Who Are the Elderly? Aging in Society

Baby Boomers

Of particular interest to gerontologists today is the population of baby boomers, the cohort born between 1946 and 1964 and now reaching their 60s. Coming of age in the 1960s and early 1970s, the baby boom generation was the first group of children and teenagers with their own spending power and therefore their own marketing power (Macunovich 2000). As this group has aged, it has redefined what it means to be young, middle-aged, and now old. People in the boomer generation do not want to grow old the way their grandparents did; the result is a wide range of products designed to ward off the effects—or the signs—of aging. Previous generations of people over sixty-five were “old.” Baby boomers are in “later life” or “the third age” (Gilleard and Higgs 2007).

The baby boom generation is the cohort driving much of the dramatic increase in the over-sixty-five population. shows a comparison of the U.S. population by age and gender between 2000 and 2010. The biggest bulge in the pyramid (representing the largest population group) moves up the pyramid over the course of the decade; in 2000, the largest population group was age thirty-five to fifty-five. In 2010, that group was age forty-five to sixty-five, meaning the oldest baby boomers were just reaching the age at which the U.S. Census considers them elderly. In 2020, we can predict, the baby boom bulge will continue to rise up the pyramid, making the largest U.S. population group between sixty-five and eighty-five years old.

A population pyramid depicting the U.S. population by age and sex, years 2000 and 2010.
In this U.S. Census pyramid chart, the baby boom bulge was aged thirty-five to fifty-five in 2000. In 2010, they were aged forty-five to sixty-five. (Graph courtesy of the U.S. Census Bureau)

This aging of the baby boom cohort has serious implications for our society. Healthcare is one of the areas most impacted by this trend. For years, hand-wringing has abounded about the additional burden the boomer cohort will place on Medicare, a government-funded program that provides healthcare services to people over sixty-five years old. And indeed, the Congressional Budget Office’s 2008 long-term outlook report shows that Medicare spending is expected to increase from 3 percent of gross domestic product (GDP) in 2009 to 8 percent of GDP in 2030, and to 15 percent in 2080 (Congressional Budget Office 2008).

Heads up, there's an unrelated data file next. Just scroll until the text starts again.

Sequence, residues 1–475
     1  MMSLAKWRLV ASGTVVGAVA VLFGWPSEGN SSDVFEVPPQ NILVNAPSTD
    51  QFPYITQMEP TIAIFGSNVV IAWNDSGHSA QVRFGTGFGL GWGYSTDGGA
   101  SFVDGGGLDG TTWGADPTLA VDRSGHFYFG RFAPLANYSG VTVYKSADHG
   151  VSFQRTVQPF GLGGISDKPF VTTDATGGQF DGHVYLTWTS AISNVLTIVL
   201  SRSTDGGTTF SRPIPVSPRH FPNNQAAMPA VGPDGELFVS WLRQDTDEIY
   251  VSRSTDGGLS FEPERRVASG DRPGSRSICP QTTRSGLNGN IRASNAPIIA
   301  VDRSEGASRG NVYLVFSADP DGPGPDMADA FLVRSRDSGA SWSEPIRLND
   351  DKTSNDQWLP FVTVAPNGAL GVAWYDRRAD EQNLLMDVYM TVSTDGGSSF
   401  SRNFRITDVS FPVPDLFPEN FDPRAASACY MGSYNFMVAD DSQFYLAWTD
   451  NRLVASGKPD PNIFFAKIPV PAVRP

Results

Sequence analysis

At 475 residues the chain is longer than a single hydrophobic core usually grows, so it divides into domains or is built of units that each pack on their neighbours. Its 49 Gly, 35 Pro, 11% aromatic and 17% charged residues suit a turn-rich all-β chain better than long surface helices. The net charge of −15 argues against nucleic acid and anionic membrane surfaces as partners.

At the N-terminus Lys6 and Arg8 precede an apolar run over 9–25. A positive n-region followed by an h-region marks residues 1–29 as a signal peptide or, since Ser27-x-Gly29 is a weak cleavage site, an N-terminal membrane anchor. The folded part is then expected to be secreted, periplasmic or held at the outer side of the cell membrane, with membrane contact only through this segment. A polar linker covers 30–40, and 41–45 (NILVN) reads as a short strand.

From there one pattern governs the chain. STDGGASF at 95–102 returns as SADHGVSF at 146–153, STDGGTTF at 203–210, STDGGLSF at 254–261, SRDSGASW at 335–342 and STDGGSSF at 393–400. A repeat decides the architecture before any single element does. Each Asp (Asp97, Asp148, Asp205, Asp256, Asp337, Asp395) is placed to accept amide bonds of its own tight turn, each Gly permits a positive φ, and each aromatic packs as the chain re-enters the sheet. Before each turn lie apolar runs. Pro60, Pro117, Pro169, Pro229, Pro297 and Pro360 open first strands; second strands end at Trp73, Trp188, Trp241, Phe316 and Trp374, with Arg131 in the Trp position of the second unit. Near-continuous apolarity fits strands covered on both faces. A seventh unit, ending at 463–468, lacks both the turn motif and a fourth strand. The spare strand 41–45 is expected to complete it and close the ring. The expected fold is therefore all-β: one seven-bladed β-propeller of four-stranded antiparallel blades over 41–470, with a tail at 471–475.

Certainly, as boomers age, they will put increasing burdens on the entire U.S. healthcare system. A study from 2008 indicates that medical schools are not producing enough medical professionals who specialize in treating geriatric patients (Gerontological Society of America 2008). However, other studies indicate that aging boomers will bring economic growth to the healthcare industries, particularly in areas like pharmaceutical manufacturing and home healthcare services (Bierman 2011). Further, some argue that many of our medical advances of the past few decades are a result of boomers’ health requirements. Unlike the elderly of previous generations, boomers do not expect that turning sixty-five means their active lives are over. They are not willing to abandon work or leisure activities, but they may need more medical support to keep living vigorous lives. This desire of a large group of over-sixty-five-year-olds wanting to continue with a high activity level is driving innovation in the medical industry (Shaw).

The economic impact of aging boomers is also an area of concern for many observers. Although the baby boom generation earned more than previous generations and enjoyed a higher standard of living, they also spent their money lavishly and did not adequately prepare for retirement. According to a 2008 report from the McKinsey Global Institute, approximately two-thirds of early boomer households have not accumulated enough savings to maintain their lifestyles. This will have a ripple effect on the economy as boomers work and spend less (Farrel et al. 2008).

Just as some observers are concerned about the possibility of Medicare being overburdened, Social Security is considered to be at risk. Social Security is a government-run retirement program funded primarily through payroll taxes. With enough people paying into the program, there should be enough money for retirees to take out. But with the aging boomer cohort starting to receive Social Security benefits and fewer workers paying into the Social Security trust fund, economists warn that the system will collapse by the year 2037. A similar warning came in the 1980s; in response to recommendations from the Greenspan Commission, the retirement age (the age at which people could start receiving Social Security benefits) was raised from sixty-two to sixty-seven and the payroll tax was increased. A similar hike in retirement age, perhaps to seventy, is a possible solution to the current threat to Social Security (Reuteman 2010).